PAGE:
Subject: Security concerns with UTF-8
Editor: Edwin Hart
ISO/IEC 10646-1: 2000
IETF RFC 2279
This document summarizes the email discussion to date on the security issues with the UTF-8, particularly discussion in The Unicode Standard, Version 3.0 book.
Email from Edwin Hart
Thu 2000-10-19 16:10
Subject: UTC action on malformed/illegal UTF-8 sequences?
Does the UTC need to address the issue of malformed and illegal UTF-8 sequences, etc.? The text in question is the example in D32 and the last sentence of the section on shortest encoding.
The Unicode philosophy has been to avoid killing characters your software doesn't understand. This enables adding new characters to the code without killing the software that was written before the new characters were added.
The Security philosophy seems to be: If it is out of specification, kill it ("Anything not explicitly allowed is denied.").
The situation in the attached message is not the same as in the first paragraph.
RFC 2279 (UTF-8) lists some examples that could cause security problems.
Section 3.8 of The Unicode Standard, Version 3.0 seems to permit interpretation of "ill-formed code value sequences" that can cause other software to mis-interpret the characters and produce the wrong action.
The issue for UTC may be: If a process receives an "ill-formed" code sequence, should the standard specify the action or allow interpretation and give warnings (like RFC 2279). Will more software break if the ill-formed sequence is allowed or denied? Given the number of security problems and fixes I see a week, I personally think that the UTC needs to tighten the algorithms and require an exception condition rather than interpret the ill-formed code value sequences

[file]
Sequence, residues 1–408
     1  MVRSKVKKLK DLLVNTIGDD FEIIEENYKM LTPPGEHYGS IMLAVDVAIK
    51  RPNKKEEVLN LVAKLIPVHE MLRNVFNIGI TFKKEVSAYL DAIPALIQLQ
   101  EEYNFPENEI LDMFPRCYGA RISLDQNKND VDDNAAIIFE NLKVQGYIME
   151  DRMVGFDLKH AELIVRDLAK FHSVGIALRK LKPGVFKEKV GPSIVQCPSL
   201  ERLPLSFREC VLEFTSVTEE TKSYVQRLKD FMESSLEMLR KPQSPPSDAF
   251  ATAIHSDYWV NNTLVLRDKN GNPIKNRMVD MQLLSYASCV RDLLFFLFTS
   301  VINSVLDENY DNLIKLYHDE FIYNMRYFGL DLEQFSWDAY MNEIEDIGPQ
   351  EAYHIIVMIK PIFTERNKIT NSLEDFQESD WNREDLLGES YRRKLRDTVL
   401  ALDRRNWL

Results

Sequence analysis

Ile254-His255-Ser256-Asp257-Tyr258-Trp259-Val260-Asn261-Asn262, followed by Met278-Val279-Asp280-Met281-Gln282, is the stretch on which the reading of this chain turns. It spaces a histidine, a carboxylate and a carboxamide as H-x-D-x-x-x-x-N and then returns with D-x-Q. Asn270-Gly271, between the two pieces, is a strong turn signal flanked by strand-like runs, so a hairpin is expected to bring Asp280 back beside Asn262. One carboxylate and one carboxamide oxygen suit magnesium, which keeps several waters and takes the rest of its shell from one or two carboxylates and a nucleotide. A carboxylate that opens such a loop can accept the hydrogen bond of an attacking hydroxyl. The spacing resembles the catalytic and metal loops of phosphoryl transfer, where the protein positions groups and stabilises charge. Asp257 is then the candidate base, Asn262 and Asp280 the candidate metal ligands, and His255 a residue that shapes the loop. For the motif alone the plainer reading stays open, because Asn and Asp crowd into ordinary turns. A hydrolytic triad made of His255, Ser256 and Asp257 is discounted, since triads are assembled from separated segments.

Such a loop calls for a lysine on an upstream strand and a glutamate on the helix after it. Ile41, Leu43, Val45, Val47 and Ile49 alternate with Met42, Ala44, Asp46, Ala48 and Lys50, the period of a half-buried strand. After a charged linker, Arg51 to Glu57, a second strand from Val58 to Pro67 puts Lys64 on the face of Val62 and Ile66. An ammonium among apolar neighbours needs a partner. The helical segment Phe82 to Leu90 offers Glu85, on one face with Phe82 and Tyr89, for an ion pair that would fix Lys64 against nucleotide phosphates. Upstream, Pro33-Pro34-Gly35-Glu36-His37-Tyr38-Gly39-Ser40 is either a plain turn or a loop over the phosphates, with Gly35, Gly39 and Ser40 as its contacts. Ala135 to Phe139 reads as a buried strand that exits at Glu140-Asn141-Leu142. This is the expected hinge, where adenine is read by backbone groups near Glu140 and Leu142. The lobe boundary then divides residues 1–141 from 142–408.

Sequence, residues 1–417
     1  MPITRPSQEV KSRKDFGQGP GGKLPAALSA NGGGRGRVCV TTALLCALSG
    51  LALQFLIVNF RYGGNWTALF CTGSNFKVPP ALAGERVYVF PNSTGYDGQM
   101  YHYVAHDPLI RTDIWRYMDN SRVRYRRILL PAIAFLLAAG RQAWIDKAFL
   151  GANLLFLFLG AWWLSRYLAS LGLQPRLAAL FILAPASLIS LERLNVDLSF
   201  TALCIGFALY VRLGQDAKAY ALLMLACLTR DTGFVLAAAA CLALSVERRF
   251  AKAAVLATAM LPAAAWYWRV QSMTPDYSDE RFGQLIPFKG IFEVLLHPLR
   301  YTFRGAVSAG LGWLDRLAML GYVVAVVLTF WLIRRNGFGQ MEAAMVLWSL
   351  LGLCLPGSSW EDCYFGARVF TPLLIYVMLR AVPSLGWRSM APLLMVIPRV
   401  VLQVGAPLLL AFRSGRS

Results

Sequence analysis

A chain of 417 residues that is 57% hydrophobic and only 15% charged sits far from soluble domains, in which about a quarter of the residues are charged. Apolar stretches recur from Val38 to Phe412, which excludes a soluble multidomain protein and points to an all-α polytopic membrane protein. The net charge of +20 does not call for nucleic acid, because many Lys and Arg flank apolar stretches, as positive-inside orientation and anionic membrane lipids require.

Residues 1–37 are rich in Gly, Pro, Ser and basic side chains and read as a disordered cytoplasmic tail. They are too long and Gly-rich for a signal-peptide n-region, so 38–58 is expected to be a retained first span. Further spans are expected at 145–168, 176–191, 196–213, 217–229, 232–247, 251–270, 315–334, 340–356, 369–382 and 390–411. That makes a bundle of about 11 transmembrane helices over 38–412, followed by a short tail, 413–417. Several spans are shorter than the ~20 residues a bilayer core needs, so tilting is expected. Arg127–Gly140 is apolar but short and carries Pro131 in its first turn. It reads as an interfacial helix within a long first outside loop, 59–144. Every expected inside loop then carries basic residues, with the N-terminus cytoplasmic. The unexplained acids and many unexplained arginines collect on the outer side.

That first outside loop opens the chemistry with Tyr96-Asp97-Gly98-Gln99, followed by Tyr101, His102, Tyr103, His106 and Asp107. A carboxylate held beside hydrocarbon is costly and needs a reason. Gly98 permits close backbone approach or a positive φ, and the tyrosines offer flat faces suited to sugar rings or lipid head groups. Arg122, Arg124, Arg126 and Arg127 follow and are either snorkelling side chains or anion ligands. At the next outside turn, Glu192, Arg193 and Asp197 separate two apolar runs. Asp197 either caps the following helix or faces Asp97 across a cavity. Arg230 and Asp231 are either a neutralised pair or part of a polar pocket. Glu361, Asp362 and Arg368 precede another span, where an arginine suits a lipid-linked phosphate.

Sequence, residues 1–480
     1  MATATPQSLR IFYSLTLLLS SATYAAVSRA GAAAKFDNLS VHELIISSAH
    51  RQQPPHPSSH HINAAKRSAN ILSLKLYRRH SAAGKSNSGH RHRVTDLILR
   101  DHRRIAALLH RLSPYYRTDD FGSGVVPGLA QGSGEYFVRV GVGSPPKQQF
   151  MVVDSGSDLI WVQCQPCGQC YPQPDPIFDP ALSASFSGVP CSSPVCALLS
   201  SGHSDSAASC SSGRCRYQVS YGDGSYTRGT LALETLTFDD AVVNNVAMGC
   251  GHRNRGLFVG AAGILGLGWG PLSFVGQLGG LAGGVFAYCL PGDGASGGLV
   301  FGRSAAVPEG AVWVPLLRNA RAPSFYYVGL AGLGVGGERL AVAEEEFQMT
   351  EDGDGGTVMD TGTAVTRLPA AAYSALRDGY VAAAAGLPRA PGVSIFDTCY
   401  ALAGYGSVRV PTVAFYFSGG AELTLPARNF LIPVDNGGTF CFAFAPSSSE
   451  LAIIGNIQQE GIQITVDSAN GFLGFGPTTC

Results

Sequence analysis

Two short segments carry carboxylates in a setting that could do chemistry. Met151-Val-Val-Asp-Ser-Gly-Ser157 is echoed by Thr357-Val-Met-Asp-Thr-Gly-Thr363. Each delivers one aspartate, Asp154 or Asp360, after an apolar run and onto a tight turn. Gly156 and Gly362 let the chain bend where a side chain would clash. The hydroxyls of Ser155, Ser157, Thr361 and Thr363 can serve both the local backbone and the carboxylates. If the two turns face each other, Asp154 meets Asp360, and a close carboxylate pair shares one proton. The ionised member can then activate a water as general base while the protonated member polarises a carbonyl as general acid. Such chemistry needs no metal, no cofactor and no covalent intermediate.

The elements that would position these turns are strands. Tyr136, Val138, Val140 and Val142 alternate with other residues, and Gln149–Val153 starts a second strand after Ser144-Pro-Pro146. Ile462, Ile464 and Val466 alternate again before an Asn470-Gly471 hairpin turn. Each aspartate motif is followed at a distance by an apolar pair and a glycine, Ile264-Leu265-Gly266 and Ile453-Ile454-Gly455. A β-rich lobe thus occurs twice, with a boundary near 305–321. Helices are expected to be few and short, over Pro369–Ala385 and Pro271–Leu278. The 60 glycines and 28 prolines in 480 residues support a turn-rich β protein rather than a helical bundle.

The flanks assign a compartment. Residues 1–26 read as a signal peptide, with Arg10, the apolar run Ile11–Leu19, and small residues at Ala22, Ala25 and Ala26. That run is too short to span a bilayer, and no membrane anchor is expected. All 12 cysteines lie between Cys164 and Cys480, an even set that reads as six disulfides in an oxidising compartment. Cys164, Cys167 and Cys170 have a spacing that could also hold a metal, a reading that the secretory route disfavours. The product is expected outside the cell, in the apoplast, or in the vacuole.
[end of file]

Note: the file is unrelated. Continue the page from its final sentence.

From: Cris Bailiff [mailto:c.bailiff@E-SECURE.COM.AU]
Sent: Thursday, October 19, 2000 6:08 AM
Subject: Re: IIS %c1%1c remote command execution
> Florian Weimer <Florian.Weimer@RUS.UNI-STUTTGART.DE> writes:
> This is one of the vulnerabilities Bruce Schneier warned of in one of
> the past CRYPTO-GRAM isssues. The problem isn't the wrong time of
> path checking alone, but as well a poorly implemented UTF-8 decoder.
> RFC 2279 explicitly says that overlong sequences such as 0xC0 0xAF are
As someone often involved in reviewing and improving other peoples web code, I have been citing the unicode security example from RFC2279 as one good reason why web programmers must enforce 'anything not explicitly is allowed is denied' almost since it was written. In commercial situations I have argued myself blue in the face that the equivalent of (perl speak) s!../!!g is not good enough to clean up filename form input parameters or other pathnames (in perl, ASP, PHP etc.). I always end up being proved right, but it takes a lot of effort. Should prove a bit easier from now on :-(
> It's a pity that a lot of UTF-8 decoders in free software fail such
> tests as well, either by design or careless implementation.
The warning in RFC 2279 hasn't been heeded by a single unicode decoder that I have ever tested, commercial or free, including the Solaris 2.6 system libraries, the Linux unicode_console driver, Netscape commuicator and now, obviously, IIS. Its unclear to me whether the IIS/NT unicode decoding is performed by a system wide library or if its custom to IIS - either way, it can potentially affect almost any unicode aware NT application.